Quite a bit, actually. In May this year Metalworking News was privileged to be invited to Brazil by ABIMAQ – The Brazilian Machine Tool Builders’ Association – to attend the second edition of the highly successful and largest Latin American trade show for the machine tool and industrial automation industries in Latin America – EXPOMAFE 2019.
It had been nearly 10 years since this publication had last visited Brazil, and while some things haven’t changed, such as the Brazilian desire to want to be the country of the future, and the fact that everyone thinks that they are Ayrton Senna on the roads, much has, especially in manufacturing.
This was only the second time this exhibition had been held, but it was already 25% larger than its predecessor. Over 55 000 visitors from more than 30 countries – most of whom were deemed as ‘quality’ by the 750-plus exhibitors – descended on the energetic city of São Paulo for the show.
Brazilian manufacturing companies are fully embracing the Fourth Industrial Revolution and it was clear that some areas of the Brazilian manufacturing industry are realising growth – an industry that is also currently generating jobs in that country. The theme of the exhibition was to embrace Industry 4.0 and to bring together young and old by showing visitors what the potential of modern manufacturing and interconnectivity has to offer. Symbolised everywhere was the relationship between man and machine.
Emerging from a state of political turmoil, Brazil now stands at the precipice of a journey into yet more of the unknown, but at least people are cooperating and participating and collectively working together to build a better Brazil for all.
Ernesto Araújo, Brazil’s foreign minister, recently told the Financial Times that the South American customs union Mercosur, whose countries comprise of the powerful agricultural nations of Brazil, Argentina, Paraguay and Uruguay, are soon to finalise an extensive free trade agreement with the European Union.
So, while Trump’s US looks to sturdy policies of protectionism (Brazilian manufacturing equipment exports to that country are already on the rise), and the EU remains a protagonist of free trade, such free trade agreements could thrust the Brazilian economy into a state of growth.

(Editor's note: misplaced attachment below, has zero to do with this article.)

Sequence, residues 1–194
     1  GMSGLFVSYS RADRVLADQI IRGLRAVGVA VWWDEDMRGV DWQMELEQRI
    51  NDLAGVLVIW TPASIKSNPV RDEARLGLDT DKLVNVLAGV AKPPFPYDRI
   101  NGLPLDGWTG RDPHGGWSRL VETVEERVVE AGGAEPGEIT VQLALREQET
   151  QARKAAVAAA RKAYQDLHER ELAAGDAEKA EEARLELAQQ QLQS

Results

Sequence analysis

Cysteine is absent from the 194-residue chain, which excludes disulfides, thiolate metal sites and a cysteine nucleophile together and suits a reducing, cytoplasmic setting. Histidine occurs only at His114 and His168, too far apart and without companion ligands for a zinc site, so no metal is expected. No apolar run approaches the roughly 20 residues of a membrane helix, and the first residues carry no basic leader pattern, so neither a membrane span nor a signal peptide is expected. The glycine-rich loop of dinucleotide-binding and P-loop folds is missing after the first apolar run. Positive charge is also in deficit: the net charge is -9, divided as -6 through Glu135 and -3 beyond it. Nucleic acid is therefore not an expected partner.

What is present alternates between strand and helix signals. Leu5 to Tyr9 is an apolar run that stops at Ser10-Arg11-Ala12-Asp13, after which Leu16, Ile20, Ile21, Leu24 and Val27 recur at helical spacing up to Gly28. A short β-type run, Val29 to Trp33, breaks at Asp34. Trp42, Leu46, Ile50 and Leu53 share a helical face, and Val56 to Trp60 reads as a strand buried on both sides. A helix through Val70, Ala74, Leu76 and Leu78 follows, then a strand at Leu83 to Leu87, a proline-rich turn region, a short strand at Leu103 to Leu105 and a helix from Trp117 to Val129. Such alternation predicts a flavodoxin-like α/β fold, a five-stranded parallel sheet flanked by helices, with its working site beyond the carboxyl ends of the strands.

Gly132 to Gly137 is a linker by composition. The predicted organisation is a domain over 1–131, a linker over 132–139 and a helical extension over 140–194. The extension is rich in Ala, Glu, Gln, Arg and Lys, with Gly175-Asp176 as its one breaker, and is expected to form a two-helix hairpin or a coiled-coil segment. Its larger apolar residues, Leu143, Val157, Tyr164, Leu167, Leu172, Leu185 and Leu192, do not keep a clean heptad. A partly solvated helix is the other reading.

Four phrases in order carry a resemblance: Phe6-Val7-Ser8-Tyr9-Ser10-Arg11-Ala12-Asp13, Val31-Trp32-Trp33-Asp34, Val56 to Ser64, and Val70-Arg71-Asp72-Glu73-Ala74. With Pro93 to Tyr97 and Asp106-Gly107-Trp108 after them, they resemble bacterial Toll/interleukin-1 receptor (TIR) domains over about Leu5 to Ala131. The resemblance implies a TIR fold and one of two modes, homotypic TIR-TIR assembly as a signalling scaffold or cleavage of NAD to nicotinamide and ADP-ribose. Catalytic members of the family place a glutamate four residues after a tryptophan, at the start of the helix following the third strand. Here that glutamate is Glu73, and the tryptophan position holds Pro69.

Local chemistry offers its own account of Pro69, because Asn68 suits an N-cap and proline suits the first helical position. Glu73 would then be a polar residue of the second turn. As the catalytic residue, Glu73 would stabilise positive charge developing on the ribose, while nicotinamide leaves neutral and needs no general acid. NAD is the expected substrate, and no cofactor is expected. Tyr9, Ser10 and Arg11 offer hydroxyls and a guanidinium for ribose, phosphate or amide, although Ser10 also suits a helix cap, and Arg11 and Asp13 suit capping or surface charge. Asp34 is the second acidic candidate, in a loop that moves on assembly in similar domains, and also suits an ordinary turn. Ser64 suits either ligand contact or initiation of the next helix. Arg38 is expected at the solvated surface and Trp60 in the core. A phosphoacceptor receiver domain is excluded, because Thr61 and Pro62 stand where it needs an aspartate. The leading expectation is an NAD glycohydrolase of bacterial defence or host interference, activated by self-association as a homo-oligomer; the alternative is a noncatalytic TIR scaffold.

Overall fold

Further reforms expected to stimulate economic growth include measures such as tourists from the US, Japan, Australia and Canada no longer requiring a visa to visit Brazil as of June 17.
Professor Louis Fourie, deputy vice-chancellor: Knowledge and information technology at Cape Peninsula University of Technology says: “At a currently undisclosed place in Latin America, an entire 3D printed neighbourhood for a small community of 50 farmers and weavers will be built in 24 hours.” Surely this is the kind of thinking we need in South Africa? South Africans don’t need a visa to visit Brazil – just another reason to put Brazil on your radar if it isn’t. Opportunities abound.
But it’s not all doom and gloom back home. With significant investments in plant upgrades and Industry 4.0 preparation and compliance from local automobile manufacturers like Nissan, Ford and Mercedes-Benz, and OEM suppliers like Maxion Wheels, it should come as little surprise to read that the National Association of Automobile Manufacturers of South Africa (Naamsa) is reporting that vehicle export sales continue to perform exceptionally well, and will do so for the remainder of this year.
There is currently talk of Mercedes-Benz USA shifting all production of its C-class vehicles from its Vance, Alabama plant, to its East London plant. That’s another 40 000 vehicles that could be manufactured locally. Managing Director of Ford Motor Company of Southern and Sub-Saharan Africa Neale Hill says: “Where some might see obstacles, others see opportunities.”
Clearly OSG Corporation sees opportunity and is investing R60 million over the next 24 months in new technology and equipment at its Somta Tools factory in Pietermaritzburg, and Macsteel recently won the Small Supplier and Local Manufacturing Award in acknowledgement of companies who have developed an ecosystem of small suppliers, manufacturers or value-add services and products from the local industry.
So, whatever you want to call it – the Internet of things, Industry 4.0, AI or Big Data – it is complex, it is here, and it is here now, not next month or later this year. Like Brazil, and the companies mentioned, you should at least have a strategy in place for dealing with how these industry changes will impact your business. Some industry role players are already asking what comes after Industry 4.0. Don’t get left behind.